20. Modelling Wind for Wind Farm Layout Optimization Using Joint Distribution of Wind Speed and Wind Direction

    DEFF Research Database (Denmark)

    Feng, Ju; Shen, Wen Zhong

    2015-01-01

    Reliable wind modelling is of crucial importance for wind farm development. The common practice of using sector-wise Weibull distributions has been found inappropriate for wind farm layout optimization. In this study, we propose a simple and easily implementable method to construct joint distribu......Reliable wind modelling is of crucial importance for wind farm development. The common practice of using sector-wise Weibull distributions has been found inappropriate for wind farm layout optimization. In this study, we propose a simple and easily implementable method to construct joint...... quite well in terms of the coefficient of determination R-2. Then, the best of these joint distributions is used in the layout optimization of the Horns Rev 1 wind farm and the choice of bin sizes for wind speed and wind direction is also investigated. It is found that the choice of bin size for wind...... direction is especially critical for layout optimization and the recommended choice of bin sizes for wind speed and wind direction is finally presented....

  1. Early stages of wind wave and drift current generation under non-stationary wind conditions.

    Science.gov (United States)

    Robles-Diaz, Lucia; Ocampo-Torres, Francisco J.; Branger, Hubert

    2016-04-01

    Generation and amplification mechanisms of ocean waves are well understood under constant wind speed or limited fetch conditions. Under these situations, the momentum and energy transfers from air to water are also quite well known. However during the wind field evolution over the ocean, we may observe sometime high wind acceleration/deceleration situations (e.g. Mexican Tehuano or Mediterranean Mistral wind systems). The evolution of wave systems under these conditions is not well understood. The purpose of these laboratory experiments is to better understand the early stages of water-waves and surface-drift currents under non-stationary wind conditions and to determine the balance between transfers creating waves and surface currents during non-equilibrium situations. The experiments were conducted in the Institut Pythéas wind-wave facility in Marseille-France. The wave tank is 40 m long, 2.7 m wide and 1 m deep. The air section is 50 m long, 3 m wide and 1.8 m height. We used 11 different resistive wave-gauges located along the tank. The momentum fluxes in the air column were estimated from single and X hot-film anemometer measurements. The sampling frequency for wind velocity and surface displacement measurements was 256 Hz. Water-current measurements were performed with a profiling velocimeter. This device measures the first 3.5 cm of the water column with a frequency rate of 100Hz. During the experiments, the wind intensity was abruptly modified with a constant acceleration and deceleration over time. We observed that wind drag coefficient values for accelerated wind periods are lower than the ones reported in previous studies for constant wind speed (Large and Pond 1981; Ocampo-Torres et al. 2010; Smith 1980; Yelland and Taylor 1996). This is probably because the turbulent boundary layer is not completely developed during the increasing-wind sequence. As it was reported in some theoretical studies (Miles 1957; Phillips 1957; Kahma and Donelan 1988), we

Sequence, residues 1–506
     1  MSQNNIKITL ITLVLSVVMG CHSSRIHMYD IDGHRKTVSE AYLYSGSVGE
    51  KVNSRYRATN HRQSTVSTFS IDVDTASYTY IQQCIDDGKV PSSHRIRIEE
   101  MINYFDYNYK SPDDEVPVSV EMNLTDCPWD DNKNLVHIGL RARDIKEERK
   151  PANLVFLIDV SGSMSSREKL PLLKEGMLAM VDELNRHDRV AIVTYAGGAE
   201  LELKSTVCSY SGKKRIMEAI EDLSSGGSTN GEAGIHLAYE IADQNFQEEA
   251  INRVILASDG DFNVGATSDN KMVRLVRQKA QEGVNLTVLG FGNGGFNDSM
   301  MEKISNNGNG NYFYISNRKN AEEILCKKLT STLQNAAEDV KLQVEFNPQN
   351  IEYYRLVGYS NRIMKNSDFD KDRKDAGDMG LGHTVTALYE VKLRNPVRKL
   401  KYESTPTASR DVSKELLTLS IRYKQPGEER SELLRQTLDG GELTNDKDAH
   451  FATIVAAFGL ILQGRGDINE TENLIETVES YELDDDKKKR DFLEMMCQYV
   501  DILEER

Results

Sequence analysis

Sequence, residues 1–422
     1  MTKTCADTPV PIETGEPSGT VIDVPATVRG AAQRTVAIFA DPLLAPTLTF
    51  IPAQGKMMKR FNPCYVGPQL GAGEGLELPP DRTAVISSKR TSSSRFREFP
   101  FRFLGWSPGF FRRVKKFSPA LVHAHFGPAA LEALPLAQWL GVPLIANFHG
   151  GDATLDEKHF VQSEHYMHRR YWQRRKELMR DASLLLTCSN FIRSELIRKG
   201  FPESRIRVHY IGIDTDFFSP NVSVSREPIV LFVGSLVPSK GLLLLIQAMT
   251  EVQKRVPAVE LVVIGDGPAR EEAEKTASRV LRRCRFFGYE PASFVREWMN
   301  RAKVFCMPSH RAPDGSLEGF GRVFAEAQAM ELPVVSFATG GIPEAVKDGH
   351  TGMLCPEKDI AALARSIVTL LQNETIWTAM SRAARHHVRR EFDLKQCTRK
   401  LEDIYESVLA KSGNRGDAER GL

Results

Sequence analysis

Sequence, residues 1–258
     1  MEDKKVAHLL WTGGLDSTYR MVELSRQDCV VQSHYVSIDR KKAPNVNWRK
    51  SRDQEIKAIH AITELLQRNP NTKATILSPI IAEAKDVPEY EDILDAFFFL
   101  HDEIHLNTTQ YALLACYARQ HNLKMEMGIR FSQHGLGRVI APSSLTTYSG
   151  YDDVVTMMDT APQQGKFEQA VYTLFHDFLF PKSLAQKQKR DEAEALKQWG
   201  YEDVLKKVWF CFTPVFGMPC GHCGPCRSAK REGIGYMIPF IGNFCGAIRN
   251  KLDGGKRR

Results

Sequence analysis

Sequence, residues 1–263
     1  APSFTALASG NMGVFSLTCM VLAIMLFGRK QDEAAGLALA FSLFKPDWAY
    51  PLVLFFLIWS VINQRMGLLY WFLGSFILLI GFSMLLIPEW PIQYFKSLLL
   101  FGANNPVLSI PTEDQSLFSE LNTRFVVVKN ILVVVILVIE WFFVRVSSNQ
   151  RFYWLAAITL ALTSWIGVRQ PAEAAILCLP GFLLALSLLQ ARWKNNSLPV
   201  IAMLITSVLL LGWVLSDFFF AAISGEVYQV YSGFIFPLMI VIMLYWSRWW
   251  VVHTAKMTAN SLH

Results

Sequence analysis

2. Millimeter-wave radar scattering from the water surface : a wind-wave tank study

    Science.gov (United States)

    Guerin, Charles-Antoine; Boisot, Olivier; Pioch, Sébastien; Caulliez, Guillemette; Lalaurie, Jean-Claude; Fatras, Christophe; Borderies, Pierre